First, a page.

Wednesday, August 17, 2011

August Secret Agent Contest #19

TITLE: Melody Ghost
GENRE: YA urban fantasy/ sci-fi

"Anything but this," whispered Stella.

She stood in front of the dark wooden door. It looked as prohibiting as a sealed mouth, and she reached for her godfather's hand. Paris took it and squeezed.

"You all right?" His words dropped like pebbles in the silence. Stella nodded yes, but it wasn't true. Her heart flogged against her chest, as if a woodpecker banged inside her ribcage.

"Just seems so big," she said. How stupid that sounded. Why was she afraid of a simple Victorian house when she needed to worry about the reason she stood in front of it?

Paris only smiled and faced the door again. Bending over, he put down the suitcase and punched the doorbell. "Take a look around. This will be your home for a long time. This is a new change, Stella."

The door opened.

It was a young blond girl in kitchen service gear--blue skirt, white blouse, blue lace-up, white apron, white cap. She had an iPhone in her hand but when she saw them she stuffed it in her pocket.

"Yes, sir?" she asked, bug eyed and meek. "May I help you?" She looked at them closer, then said, "You must be Paris Osprey and Stella Phoebe?"

"That's it," said Paris with a grin. He held out his hand, and the girl smiled and shook it.

"Please," she opened the oak door wider, "come in."

They stepped inside the house. As the girl clicked the door shut Stella glanced around.

7 comments:

Katrina S. Forest said...

The first few paragraphs really pulled me in. I love the language and I wanted to know what this girl was facing that had her so terrified. (I thought your comparisons with the pebbles and the woodpecker were nicely done.) I assumed there was something deadly behind the door. But then, in the fifth paragraph, it turned out just to be the new house she's moving into. I'm still curious as to what's upsetting her, but I no longer think her life is in immediate danger, so it took away some tension for me. I think if it was clear right away that she's moving in, I could still be intrigued without feeling disoriented. Hope that makes sense. ^_^;;

Woods said...

Katrina S. Forest,

Thank you for your comment! I was worried the beginning wasn't good enough, so your comment helped.

Thanks again!

--Woods

Danielle La Paglia said...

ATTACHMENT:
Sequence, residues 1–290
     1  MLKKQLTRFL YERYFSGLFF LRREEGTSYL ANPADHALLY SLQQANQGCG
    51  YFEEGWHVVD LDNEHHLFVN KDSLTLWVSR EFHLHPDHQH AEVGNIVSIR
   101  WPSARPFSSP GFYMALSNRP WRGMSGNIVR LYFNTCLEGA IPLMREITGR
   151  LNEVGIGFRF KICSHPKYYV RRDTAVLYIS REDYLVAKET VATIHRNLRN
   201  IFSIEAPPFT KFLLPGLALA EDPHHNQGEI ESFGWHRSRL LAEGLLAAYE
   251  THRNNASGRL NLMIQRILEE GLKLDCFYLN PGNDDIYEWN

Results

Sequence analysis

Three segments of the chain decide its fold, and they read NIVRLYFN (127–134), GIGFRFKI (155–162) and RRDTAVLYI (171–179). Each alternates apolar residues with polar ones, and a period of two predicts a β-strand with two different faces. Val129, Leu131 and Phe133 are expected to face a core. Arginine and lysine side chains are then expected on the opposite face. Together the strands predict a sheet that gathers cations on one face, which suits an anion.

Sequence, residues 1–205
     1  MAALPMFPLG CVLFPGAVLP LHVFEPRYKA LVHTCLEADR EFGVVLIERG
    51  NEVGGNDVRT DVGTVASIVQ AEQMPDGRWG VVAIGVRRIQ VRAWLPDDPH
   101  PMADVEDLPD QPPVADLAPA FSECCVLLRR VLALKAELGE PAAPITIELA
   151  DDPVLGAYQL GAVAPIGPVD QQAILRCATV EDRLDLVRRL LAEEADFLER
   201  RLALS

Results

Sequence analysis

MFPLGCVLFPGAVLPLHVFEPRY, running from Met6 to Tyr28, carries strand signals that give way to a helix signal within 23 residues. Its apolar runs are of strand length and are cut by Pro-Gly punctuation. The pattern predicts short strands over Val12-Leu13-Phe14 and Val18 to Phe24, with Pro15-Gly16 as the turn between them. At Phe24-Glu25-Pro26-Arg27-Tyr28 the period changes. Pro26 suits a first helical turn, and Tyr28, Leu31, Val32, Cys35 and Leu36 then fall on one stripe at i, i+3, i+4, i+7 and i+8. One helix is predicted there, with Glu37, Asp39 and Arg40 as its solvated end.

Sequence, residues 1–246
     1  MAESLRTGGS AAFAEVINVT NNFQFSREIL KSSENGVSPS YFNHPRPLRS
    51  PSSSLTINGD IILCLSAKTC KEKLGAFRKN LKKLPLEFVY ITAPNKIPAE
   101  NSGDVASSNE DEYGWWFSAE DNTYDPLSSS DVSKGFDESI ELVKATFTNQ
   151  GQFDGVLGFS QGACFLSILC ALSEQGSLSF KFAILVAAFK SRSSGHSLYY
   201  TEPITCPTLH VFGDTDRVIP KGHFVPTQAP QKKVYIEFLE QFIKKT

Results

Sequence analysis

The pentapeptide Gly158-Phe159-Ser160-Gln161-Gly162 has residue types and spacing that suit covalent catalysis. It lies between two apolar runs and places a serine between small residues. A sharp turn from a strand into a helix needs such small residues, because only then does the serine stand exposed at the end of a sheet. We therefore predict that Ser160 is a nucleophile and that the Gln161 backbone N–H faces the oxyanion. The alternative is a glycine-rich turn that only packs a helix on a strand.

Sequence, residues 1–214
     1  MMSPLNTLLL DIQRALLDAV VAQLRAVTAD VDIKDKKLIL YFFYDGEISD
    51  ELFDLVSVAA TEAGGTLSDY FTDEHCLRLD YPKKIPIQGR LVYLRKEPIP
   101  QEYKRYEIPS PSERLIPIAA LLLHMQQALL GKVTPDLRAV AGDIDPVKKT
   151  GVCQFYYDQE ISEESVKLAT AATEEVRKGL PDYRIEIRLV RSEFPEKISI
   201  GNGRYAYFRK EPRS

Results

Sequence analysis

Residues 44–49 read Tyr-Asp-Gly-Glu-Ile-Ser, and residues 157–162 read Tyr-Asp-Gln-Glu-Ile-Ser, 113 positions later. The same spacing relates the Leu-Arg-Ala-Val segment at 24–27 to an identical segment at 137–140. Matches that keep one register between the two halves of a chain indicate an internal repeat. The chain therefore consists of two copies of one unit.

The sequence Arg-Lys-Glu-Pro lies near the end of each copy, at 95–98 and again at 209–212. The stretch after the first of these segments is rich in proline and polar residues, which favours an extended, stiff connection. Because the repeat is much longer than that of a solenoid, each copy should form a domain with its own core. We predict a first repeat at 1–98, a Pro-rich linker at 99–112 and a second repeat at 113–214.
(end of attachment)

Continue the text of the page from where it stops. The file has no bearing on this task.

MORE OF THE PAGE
This didn't work for me. It's too focused on the motions and not enough on the emotions. Why are they there? How old is she? Why is she being left alone. I know these will get answered in the story, but there isn't enough here for me to get attached to the mc.

Durango Writer said...

The idea draws me in more than the writing. I think there's a way to combine sentences to make it flow.

For example:
The dark wooden door looked prohibiting, a sealed mouth in front of her. The squeeze of her godfather's hand couldn't erase the dread she felt at the site of the old Victorian.
OR
The blond girl wore servants' clothes--blue skirt, white blouse, blue lace-up, white apron, white cap. She quickly stuffed her iPhone in her pocket when she greeted them.

It helps to simplify descriptions, too. For example, in the third paragraph, you introduce pebbles, flogging and a woodpecker's banging. Pick one image and expand maybe?

There's a creepy plot in there. Just nurture it out a bit more!

Barbara said...

I was disappointd too, that it turned out to be just a new house. I think what might be your real hook is 'why' she is there. That might be a more interesting fact to drop into this. You could say why, right after she says she should be worried about why.

And it could be tightened up a lot.

I don't feel like there's anything inherently wrong here, it's just that nothing really stands out. Maybe look at word choices and sentence structure to punch up the writing, and work in a bigger hook, which just might be the 'why' of it all.

Secret Agent said...

Pet peeve radar buzzing. Modern gadgetry with manufacturer name attached (iphone); odd/inappropriate metaphors (hearts don't flog; woodpeckers would tear through her ribcage if they pecked there...); an elephant in the room that manages not to be described (the Victorian's exterior); redundancies ("new change"). All that said, I'm a big fan of the predicament here. Just needs some cleaning and re-focusiing.

Woods said...

Mr. (Ms.?) Secret Agent,

Thank you for your time and feedback. Your comments are helpful. I'll cut out the odd metaphors, add more description to the setting (the house) and tighten the writing.

And thank you, Barbara, Durango Writer, and Danielle Paglia.

It is revealed in the next paragraph why she's so nervous. First it's Stella's inner conflict, then there's physical danger at the end of the chapter. Paris is an angel, and there's a lot of science fiction in this story too.

Thanks again for y'all's time!

--Woods